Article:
The Library was the initiator of many innovations. It was the first Library in the USSR which started applying teletype communication in interlibrary loans and for bibliographic information. For transmission of the newest bibliographic surveys of books all over the Republic the Library supplied its premises with automatic telephones. It established a special department for automation and mechanization of different library processes, reorganized the system of interlibrary services. A Room of Fairy Tales opened with a puppet theater that enjoyed popularity among children readers. In 1965 a branch of the Library opened in Palanga. It served as a summer reading hall greatly appreciated by guests of the resort.
Still, the activities of the Library in the nineteen sixties and later decades must still be investigated thoroughly. This period partly coinciding with the years of so-called stagnation is still waiting for an independent historical evaluation.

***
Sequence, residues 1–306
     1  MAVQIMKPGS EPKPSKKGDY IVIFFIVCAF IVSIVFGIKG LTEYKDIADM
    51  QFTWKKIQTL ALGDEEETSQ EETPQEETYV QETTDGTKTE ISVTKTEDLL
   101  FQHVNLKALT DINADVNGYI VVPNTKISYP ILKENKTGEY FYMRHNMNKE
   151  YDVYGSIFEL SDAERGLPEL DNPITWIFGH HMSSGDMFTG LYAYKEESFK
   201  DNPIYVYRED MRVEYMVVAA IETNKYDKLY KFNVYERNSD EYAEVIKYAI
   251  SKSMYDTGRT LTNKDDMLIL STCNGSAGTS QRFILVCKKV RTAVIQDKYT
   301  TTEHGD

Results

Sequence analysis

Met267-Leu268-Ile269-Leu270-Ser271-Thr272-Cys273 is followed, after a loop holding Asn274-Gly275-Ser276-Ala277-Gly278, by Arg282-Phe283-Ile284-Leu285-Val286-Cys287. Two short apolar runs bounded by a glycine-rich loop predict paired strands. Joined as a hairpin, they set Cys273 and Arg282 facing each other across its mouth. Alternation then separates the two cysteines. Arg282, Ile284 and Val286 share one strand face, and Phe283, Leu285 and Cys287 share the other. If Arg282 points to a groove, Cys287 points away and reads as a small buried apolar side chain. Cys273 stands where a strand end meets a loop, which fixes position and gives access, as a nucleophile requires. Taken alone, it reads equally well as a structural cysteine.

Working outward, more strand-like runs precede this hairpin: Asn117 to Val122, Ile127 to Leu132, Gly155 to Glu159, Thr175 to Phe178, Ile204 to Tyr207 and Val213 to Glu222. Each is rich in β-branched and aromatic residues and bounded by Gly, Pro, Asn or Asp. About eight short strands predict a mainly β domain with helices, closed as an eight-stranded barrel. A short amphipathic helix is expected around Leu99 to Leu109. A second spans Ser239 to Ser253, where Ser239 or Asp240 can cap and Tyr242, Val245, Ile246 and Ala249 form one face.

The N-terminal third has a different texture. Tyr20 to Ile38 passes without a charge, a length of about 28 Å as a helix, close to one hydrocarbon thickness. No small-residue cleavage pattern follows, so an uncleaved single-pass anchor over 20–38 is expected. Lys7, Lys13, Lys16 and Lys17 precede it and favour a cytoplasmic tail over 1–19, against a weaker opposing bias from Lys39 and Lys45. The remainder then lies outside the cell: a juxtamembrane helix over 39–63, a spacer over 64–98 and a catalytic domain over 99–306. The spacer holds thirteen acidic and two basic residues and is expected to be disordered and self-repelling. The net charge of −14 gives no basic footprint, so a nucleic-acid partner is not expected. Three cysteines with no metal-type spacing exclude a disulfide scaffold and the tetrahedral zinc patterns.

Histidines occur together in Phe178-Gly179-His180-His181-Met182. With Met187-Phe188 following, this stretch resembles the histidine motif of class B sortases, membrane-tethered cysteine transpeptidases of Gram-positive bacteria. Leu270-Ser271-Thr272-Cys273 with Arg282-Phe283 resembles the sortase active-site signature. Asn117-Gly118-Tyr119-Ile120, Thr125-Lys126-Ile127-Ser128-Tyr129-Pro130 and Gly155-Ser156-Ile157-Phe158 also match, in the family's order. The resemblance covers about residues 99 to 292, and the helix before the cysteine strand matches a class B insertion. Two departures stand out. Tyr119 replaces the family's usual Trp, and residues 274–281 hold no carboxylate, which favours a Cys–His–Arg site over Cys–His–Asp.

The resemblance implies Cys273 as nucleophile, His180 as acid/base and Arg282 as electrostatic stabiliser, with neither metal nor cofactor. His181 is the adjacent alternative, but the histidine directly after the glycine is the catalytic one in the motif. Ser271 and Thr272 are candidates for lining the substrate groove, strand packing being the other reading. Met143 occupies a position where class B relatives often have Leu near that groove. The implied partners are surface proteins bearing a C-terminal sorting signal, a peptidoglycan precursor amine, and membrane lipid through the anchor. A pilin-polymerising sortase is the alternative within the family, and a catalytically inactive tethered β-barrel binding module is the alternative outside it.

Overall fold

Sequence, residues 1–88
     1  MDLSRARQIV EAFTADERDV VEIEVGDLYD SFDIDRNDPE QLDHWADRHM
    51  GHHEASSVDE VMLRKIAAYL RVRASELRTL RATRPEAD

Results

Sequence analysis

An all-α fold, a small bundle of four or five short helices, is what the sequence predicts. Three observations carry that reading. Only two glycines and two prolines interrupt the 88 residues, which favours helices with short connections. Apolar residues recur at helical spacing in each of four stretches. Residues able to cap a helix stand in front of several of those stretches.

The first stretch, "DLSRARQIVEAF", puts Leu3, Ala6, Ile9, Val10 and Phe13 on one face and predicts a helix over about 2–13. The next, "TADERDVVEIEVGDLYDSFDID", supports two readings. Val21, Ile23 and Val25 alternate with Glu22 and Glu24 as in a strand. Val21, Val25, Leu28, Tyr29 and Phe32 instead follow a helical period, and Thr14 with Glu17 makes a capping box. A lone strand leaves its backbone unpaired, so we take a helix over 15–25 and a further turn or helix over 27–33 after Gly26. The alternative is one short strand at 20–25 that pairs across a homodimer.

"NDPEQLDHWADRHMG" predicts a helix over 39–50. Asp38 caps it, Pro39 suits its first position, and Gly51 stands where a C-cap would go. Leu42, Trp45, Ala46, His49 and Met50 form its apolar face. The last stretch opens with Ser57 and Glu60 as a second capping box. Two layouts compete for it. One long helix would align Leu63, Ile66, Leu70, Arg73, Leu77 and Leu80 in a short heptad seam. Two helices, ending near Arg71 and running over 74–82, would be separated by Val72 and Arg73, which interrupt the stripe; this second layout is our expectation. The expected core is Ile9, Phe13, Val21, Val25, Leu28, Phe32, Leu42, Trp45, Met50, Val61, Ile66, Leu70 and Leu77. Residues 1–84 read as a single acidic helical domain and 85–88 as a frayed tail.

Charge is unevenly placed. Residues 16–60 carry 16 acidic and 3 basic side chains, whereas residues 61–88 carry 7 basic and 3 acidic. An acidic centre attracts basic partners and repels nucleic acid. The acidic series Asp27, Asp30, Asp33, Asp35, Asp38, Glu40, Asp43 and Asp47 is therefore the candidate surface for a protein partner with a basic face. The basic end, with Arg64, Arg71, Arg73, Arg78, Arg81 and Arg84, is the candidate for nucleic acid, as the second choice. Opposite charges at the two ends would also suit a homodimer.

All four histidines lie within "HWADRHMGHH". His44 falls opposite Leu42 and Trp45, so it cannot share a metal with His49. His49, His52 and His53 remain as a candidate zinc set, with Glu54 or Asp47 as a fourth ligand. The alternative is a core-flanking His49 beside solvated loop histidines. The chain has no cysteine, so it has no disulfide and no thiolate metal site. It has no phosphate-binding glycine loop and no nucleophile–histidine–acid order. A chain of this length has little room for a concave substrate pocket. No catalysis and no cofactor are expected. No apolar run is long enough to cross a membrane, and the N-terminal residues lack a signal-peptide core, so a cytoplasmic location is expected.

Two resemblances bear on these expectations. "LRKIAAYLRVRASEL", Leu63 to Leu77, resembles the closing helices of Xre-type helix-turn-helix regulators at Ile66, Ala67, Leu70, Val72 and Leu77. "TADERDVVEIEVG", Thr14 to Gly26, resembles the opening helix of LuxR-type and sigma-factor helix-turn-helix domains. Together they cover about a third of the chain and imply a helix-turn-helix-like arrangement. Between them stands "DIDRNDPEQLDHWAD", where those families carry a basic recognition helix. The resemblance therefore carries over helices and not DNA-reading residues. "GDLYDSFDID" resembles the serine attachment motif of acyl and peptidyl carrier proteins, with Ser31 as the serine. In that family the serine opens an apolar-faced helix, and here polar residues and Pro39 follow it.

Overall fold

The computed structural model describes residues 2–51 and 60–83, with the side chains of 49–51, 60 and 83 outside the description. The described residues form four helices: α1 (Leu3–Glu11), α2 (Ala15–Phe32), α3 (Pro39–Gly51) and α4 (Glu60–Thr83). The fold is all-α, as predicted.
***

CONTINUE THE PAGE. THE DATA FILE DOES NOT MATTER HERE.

After restoration of independence
The National Rebirth of 1988, new democratic tendencies that shattered official dogmas in many spheres of our life, also affected libraries. The National Library of Lithuania conducted a fundamental revision of books and periodicals removed from the Library books stocks in the post-war period. Books “purged” during the rule of Stalin and Brezhnev were stored in special confidential deposits. They were unavailable for readers without special permission.
These deposits included many books published in Lithuania before 1940 and books by Lithuanian emigration; also books published in the Soviet Union and abroad and prohibited by the Communist authorities for their “subversion”. In 1988 the book stocks of the Library amounted to 5 million volumes. The initiative of readers increased immensely. The Library mounted a number of meetings and events dedicated to important cultural personalities who started the National Revival movement in past years. These meetings enjoyed such great popularity that often only a part of the people willing to attend the event could take part in it. The Library staff felt a great responsibility fostering traditions always inherent in the best Lithuanian centers of cultural and aesthetic education.
On March 11, 1990 Lithuania restored its independence. The Martynas Mažvydas National Library of Lithuania together with the nation opened a new page in its history.